Wednesday, April 24, 2013

Reflecting on the Past

            St. Walburg Monastery saw four sisters go to their eternal reward between Dec. 20, 2012 and March 7, 2013. For a while it seemed weekends and Mondays were reserved for funerals. The loss of good friends, older and younger, can make one increasingly aware of many things. For me one message was “get rid of stuff!” I have begun. To date much has been committed to the shredder but one rediscovered envelope touched my heart with memories.
            At my father’s death in 1990 his correspondence, including that from WWI, was given to my brother. In his correspondence was a letter written in French to my grandmother (as well as its translation) dated October 13, 1918 from the town of Pouille in France. My father was a Marine, wounded in action at Belleau Woods and carried a life-long limp. In those days the wounded were sent to the south of France and later my father told me many stories about that time—of a teacher, Emma Brault, her niece and nephew and treading the wine press. His stories revealed a great admiration and love for the French people. A translation of the letter to my grandmother follows:
Dear Madame,
            I can’t find words to thank you enough. Instead I am offering you this letter which reflects my deep appreciation for what you have done for our country France.
            Your son came here and I learned to appreciate his feelings for our country. I also asked him to bring you these words of appreciation from us as a souvenir.
            Your act of goodwill, through your loved ones, who are sent here to help our country by sacrificing their lives can be very well seen here.
            The stakes are very high as we try to fight hard in order to maintain our independence. We hope that all this will lead to the end of our misery so we can once again see the peace. We are also hoping for the day that you can see the return of your loved one back home. Meanwhile I promise I’ll do my best so you son will feel at home while he is here in exile.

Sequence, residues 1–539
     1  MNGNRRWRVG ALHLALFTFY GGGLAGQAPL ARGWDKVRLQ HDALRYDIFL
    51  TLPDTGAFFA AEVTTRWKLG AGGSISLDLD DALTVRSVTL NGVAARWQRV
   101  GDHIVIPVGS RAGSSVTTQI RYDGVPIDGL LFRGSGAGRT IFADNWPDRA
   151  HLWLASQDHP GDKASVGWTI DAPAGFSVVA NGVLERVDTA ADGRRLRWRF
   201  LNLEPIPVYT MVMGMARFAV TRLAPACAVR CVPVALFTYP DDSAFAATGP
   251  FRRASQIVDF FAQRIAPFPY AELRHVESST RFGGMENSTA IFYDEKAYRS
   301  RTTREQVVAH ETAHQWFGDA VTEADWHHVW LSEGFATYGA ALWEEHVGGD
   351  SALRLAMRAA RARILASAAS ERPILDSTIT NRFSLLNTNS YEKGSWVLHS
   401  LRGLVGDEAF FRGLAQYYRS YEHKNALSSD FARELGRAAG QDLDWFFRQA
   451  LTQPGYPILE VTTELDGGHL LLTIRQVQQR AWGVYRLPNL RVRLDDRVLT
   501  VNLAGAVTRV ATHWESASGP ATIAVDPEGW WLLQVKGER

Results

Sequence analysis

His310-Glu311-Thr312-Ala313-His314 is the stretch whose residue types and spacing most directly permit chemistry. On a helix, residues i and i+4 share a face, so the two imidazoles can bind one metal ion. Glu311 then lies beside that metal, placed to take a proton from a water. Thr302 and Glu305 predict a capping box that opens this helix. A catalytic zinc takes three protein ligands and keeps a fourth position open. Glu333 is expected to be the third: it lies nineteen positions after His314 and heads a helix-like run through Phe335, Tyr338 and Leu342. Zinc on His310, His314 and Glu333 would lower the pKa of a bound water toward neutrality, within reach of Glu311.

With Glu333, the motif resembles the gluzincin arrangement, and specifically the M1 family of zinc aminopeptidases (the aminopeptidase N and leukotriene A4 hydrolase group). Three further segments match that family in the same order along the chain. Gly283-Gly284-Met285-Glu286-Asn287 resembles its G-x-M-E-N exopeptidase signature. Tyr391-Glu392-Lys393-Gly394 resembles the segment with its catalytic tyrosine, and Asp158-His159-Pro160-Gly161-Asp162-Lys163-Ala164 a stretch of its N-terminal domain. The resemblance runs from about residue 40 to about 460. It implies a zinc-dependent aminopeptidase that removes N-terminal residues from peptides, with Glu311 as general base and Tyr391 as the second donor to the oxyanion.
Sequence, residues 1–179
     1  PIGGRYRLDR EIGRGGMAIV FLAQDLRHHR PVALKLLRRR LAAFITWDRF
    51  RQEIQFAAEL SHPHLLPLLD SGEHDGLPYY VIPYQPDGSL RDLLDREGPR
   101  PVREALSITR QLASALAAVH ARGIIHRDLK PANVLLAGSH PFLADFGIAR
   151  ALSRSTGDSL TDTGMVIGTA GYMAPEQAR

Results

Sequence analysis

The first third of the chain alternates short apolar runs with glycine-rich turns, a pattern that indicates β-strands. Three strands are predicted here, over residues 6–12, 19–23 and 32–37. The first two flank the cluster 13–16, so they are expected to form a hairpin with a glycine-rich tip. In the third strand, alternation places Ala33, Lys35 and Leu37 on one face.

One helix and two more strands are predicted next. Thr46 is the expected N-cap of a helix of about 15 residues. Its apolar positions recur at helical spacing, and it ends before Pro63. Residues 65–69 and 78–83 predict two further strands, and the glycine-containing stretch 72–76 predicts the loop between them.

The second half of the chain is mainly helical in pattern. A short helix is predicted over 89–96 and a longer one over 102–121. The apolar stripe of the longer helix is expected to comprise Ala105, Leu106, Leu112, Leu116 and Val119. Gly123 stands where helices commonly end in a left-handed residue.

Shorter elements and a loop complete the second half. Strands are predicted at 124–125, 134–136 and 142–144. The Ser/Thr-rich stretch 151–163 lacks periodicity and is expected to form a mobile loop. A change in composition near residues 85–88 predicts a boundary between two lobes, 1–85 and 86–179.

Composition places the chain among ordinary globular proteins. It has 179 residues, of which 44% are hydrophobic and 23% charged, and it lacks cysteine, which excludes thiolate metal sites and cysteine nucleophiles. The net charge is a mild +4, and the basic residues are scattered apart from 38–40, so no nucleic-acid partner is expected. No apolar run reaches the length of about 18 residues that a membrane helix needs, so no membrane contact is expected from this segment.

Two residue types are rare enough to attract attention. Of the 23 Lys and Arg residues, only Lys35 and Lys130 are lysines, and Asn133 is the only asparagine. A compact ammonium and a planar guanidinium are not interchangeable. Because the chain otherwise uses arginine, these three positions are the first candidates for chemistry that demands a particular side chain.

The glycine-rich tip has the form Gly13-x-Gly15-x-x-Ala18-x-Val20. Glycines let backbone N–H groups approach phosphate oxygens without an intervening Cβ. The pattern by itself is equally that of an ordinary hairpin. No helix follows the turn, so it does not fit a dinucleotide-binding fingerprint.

You son, by smiling, is sending you also his endless regards. He wants you to be joyful. I would love to receive some news from your other beloved children only if this is not too much to ask. My parents also send you their best regards.         

            The Armistice ending WWI was signed on November 11, 1918.
            Later in 1940 when Germany occupied France, before the United States entered into World War II, I urged my father to write to the school teacher. He did and received a letter in return—in French. I took it to the French teacher at school who translated it for us. Although I lost that letter, I remember well that it was written by the Emma Brault that my father had spoken of. She told of her niece and nephew and the occupation.
            In these days of “small” wars all over the globe affecting friends and close relatives, these words of a woman of another time speak to the heart.
            Sr. Andrea Collopy, OSB

Wednesday, April 17, 2013

Conversatio and Conversation

      In preparation for a talk I gave to the faculty and staff at a Benedictine school, Woodside Priory School in California, I did some research on the Benedictine profession of conversatio. Conversatio morum is one of the three vows Benedictines profess. (The other two are obedience and stability.) The term conversatio has had many interpretations over the centuries and currently it is understood as fidelity to the monastic way of life.
     Whenever I type conversatio, my word processing program wants to change it to conversation and that seems to be more than linguistic programming. Brian Taylor, an Episcopalian priest, writes about Benedict’s Rule in his book, Spirituality for everyday living: an adaptation of the Rule of St. Benedict. He says that conversatio is at the root of growth in grace for all who seek God. Conversatio calls us to be open to the community and to be willing to be responsive to the “the judgment of God as expressed by other people.”